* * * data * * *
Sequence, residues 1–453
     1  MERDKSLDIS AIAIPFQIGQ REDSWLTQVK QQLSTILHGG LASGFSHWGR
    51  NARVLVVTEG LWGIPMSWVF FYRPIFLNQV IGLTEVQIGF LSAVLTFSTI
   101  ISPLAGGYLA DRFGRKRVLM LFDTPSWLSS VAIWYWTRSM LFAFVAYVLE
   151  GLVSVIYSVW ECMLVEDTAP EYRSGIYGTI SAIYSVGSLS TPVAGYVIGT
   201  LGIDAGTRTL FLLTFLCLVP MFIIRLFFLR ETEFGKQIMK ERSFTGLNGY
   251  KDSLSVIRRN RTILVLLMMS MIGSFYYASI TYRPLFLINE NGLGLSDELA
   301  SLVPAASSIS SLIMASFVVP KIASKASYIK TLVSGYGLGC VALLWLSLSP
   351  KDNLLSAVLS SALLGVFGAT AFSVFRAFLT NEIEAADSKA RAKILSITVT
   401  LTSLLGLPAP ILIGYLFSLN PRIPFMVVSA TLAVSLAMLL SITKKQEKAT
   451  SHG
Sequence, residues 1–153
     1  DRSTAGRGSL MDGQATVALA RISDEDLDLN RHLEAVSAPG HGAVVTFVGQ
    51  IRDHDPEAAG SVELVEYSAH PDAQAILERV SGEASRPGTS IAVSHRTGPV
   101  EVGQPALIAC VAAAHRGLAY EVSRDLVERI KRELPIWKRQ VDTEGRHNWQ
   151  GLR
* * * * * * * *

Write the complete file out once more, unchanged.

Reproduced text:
Sequence, residues 1–453
     1  MERDKSLDIS AIAIPFQIGQ REDSWLTQVK QQLSTILHGG LASGFSHWGR
    51  NARVLVVTEG LWGIPMSWVF FYRPIFLNQV IGLTEVQIGF LSAVLTFSTI
   101  ISPLAGGYLA DRFGRKRVLM LFDTPSWLSS VAIWYWTRSM LFAFVAYVLE
   151  GLVSVIYSVW ECMLVEDTAP EYRSGIYGTI SAIYSVGSLS TPVAGYVIGT
   201  LGIDAGTRTL FLLTFLCLVP MFIIRLFFLR ETEFGKQIMK ERSFTGLNGY
   251  KDSLSVIRRN RTILVLLMMS MIGSFYYASI TYRPLFLINE NGLGLSDELA
   301  SLVPAASSIS SLIMASFVVP KIASKASYIK TLVSGYGLGC VALLWLSLSP
   351  KDNLLSAVLS SALLGVFGAT AFSVFRAFLT NEIEAADSKA RAKILSITVT
   401  LTSLLGLPAP ILIGYLFSLN PRIPFMVVSA TLAVSLAMLL SITKKQEKAT
   451  SHG
Sequence, residues 1–153
     1  DRSTAGRGSL MDGQATVALA RISDEDLDLN RHLEAVSAPG HGAVVTFVGQ
    51  IRDHDPEAAG SVELVEYSAH PDAQAILERV SGEASRPGTS IAVSHRTGPV
   101  EVGQPALIAC VAAAHRGLAY EVSRDLVERI KRELPIWKRQ VDTEGRHNWQ
   151  GLR